Completed your first marathon? Congratulations! Now what?
Running is one of the most addicting sports there is with all its benefits, relatively lower risks, and not to mention practically free, and the marathon may be the “holy grail” of long distance running. Completing a marathon is definitely a life achievement, but for many people finishing just one is simply not enough.
As of August 10, 2010 I’ve completed 10 marathon distance or longer races (3 of which were ultramarathons of at least 100 kilometers) and some more long runs. Despite having done it that many times marathons never get easier, or shorter, that’s why it’s never something to take lightly. So what keeps us going through that 42.195K over and over again?
The marathon is a long-distance running event with an official distance of 42.195 kilometers (26 miles and 385 yards) set by the International Amateur Athletic Federation (IAAF) in May 1921.
Earlier this year my knee injury forced me out of running indefinitely and effectively broke my habit. At present I could unfortunately say that running only takes second place in my priority of physical activities, yet I’m encouraging everyone to do multiple marathons! Ironic as it may seem, but I’ve never been this enthusiastic about doing another marathon—in a very long time!
My interest was stirred while doing some casual reading about marathons. If a marathon is already a life achievement, what would multi-marathons make? Here are some really awe-inspiring feats that we may not all be able to do, but it surely inspires us to dream:
- In 1980, in what was termed the Marathon of Hope, Terry Fox, who had lost a leg to cancer and so ran with one artificial leg, attained 5,373 kilometers (3,339 mi) of his proposed cross-Canada cancer fundraising run, thus maintaining an average of over 37 kilometers (23 mi), close to the planned marathon distance, for each of 143 consecutive days.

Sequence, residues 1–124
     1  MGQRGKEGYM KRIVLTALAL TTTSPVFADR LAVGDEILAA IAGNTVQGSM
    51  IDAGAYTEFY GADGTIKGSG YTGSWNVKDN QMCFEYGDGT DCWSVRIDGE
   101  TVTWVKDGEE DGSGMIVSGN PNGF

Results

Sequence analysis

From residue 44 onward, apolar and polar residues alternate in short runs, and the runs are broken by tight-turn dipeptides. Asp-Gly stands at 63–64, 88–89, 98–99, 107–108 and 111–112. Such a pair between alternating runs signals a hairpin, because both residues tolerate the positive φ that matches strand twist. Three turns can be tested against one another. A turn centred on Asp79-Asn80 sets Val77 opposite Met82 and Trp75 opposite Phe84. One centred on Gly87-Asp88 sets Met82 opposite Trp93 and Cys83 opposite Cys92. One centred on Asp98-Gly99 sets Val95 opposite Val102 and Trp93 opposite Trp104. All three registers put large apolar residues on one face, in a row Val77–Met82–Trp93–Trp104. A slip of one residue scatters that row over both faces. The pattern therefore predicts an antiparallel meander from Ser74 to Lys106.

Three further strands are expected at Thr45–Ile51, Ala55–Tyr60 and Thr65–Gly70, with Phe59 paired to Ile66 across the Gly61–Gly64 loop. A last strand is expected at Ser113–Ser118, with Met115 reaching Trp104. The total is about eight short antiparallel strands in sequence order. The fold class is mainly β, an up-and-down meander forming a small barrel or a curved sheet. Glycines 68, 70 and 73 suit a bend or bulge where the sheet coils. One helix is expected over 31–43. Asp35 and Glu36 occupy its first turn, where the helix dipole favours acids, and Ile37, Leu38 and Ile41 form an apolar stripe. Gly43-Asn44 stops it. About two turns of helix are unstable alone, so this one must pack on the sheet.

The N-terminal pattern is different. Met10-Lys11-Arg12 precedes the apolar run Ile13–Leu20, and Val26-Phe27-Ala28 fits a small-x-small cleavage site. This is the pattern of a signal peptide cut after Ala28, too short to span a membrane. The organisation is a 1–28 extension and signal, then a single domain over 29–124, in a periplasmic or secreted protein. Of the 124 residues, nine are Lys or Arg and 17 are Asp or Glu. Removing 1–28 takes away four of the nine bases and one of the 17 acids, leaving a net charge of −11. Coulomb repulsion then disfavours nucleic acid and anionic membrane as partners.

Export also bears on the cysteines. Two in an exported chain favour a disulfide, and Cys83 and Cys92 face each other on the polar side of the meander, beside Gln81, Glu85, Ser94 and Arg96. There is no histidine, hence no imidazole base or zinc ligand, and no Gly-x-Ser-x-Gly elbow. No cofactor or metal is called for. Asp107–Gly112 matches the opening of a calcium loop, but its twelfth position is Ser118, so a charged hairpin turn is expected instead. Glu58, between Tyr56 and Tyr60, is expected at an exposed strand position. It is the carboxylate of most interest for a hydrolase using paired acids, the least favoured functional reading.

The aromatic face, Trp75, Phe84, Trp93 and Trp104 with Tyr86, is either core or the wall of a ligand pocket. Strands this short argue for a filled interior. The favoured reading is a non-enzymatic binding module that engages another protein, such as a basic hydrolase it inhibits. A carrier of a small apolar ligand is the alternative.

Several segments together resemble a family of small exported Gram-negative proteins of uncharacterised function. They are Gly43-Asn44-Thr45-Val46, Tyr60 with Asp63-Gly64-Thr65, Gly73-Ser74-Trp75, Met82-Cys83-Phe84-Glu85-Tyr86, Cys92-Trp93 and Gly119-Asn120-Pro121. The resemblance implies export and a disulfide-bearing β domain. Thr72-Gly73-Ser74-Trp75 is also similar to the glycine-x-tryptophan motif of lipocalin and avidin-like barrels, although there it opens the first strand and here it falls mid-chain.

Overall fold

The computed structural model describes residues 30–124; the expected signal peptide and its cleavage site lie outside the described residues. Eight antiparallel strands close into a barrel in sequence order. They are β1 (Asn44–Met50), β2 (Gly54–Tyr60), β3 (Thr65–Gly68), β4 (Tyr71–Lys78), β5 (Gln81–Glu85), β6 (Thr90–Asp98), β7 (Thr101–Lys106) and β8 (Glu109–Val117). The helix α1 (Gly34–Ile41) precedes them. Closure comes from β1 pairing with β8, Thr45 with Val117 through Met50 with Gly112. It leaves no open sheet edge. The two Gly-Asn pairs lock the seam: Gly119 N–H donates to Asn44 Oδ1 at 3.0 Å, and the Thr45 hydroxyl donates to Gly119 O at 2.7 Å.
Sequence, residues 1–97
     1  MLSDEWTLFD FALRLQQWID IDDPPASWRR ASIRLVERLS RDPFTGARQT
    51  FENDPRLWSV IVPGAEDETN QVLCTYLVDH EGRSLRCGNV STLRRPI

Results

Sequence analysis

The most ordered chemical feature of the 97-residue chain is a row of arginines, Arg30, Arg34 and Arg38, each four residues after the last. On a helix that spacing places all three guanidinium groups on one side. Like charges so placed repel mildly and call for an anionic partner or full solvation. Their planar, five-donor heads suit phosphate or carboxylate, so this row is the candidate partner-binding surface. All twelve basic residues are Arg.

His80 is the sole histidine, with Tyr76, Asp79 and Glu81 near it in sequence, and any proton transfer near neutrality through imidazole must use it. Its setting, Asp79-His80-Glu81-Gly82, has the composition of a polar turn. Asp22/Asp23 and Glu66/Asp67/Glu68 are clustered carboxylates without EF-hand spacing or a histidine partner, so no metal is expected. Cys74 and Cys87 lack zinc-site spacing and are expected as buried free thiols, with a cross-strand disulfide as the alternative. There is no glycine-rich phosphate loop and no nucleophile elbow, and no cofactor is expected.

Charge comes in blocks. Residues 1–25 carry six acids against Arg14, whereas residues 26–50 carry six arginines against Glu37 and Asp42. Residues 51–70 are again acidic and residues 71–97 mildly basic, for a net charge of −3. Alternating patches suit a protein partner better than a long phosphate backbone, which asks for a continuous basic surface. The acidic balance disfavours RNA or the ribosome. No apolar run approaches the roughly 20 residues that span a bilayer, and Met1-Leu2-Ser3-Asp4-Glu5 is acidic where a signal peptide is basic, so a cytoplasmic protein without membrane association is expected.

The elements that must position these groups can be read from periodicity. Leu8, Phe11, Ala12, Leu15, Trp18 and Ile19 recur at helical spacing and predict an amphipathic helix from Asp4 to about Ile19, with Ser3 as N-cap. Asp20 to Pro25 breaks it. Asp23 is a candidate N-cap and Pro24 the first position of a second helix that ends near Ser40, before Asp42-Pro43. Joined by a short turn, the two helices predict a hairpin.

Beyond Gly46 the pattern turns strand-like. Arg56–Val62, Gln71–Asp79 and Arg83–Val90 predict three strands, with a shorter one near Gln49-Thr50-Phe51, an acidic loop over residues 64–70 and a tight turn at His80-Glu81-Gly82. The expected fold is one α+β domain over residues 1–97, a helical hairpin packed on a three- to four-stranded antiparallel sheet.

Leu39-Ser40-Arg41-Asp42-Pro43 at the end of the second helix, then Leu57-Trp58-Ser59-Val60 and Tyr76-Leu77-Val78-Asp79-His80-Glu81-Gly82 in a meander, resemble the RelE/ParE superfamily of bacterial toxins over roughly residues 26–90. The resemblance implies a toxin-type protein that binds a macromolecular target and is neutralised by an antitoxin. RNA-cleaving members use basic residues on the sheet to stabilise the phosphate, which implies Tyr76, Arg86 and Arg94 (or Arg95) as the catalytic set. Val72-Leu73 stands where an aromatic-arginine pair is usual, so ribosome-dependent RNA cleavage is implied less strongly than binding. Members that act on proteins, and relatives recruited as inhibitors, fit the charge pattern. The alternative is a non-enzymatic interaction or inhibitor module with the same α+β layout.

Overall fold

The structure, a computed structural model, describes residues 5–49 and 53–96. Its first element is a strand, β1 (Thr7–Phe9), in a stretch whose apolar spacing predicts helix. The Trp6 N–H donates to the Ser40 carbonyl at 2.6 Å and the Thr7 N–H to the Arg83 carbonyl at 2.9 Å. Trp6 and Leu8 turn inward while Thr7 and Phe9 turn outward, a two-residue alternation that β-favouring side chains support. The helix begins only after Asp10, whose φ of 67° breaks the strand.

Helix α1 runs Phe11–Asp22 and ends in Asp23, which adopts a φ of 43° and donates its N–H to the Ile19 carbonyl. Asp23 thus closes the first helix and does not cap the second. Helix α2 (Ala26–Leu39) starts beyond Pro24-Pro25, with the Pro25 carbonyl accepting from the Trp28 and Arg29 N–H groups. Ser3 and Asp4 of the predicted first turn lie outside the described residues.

- In 2003 British adventurer Sir Ranulph Fiennes completed seven marathons on seven continents in seven days. He completed this feat despite suffering from a heart attack and undergoing a double heart bypass operation just four months before.
- On December 14, 2008, 64-year old Larry Macon set a record by running 105 marathons in a single calendar year.
- As of June 30, 2007, Horst Preisler of Germany had successfully completed 1,214 marathons plus 347 ultramarathons, a total of 1,561 events at marathon distance or longer. Sigrid Eichner, Christian Hottas and Hans-Joachim Meyer have also all completed over 1,000 marathons each. Norm Frank of the United States is credited with 945 marathons.
- In the United States, a popular goal is to run a marathon in each state (50 in total) plus Washington, D.C. Over 350 individuals have completed this circuit once and some have done it eight times. In 2004, Chuck Bryant of Miami, Florida, who lost his right leg below the knee, became the first amputee to finish this circuit. He has completed a total of 59 marathons on his prosthesis.
- In Europe a goal among some people is to run the greatest number of marathon races overall in one’s lifetime. There is something called the 100 Marathon Club, which, in order to qualify, one must have run 100 races.
Obviously these are only a small portion of the list of amazing feats that people did, a list that isn’t very easy to get into. We may not be able to get into this list anytime soon but now is a good time to start. Even I who currently have running “second” got motivated to revert to training. (The crazy ultra-runner within me is awake, and is concocting some outrageous ideas)
Going back to that hanging question, “what keeps us going through that 42.195K over and over again?” If you still don’t know the answer, run your next marathon—and you’ll know why. 🙂
Trivia: Did you know that the marathon’s official metric distance of 42.195 kilometers specified in Rule 240 of IAAF Competition Rules is off the statute distance by about half an inch (1.2 cm)?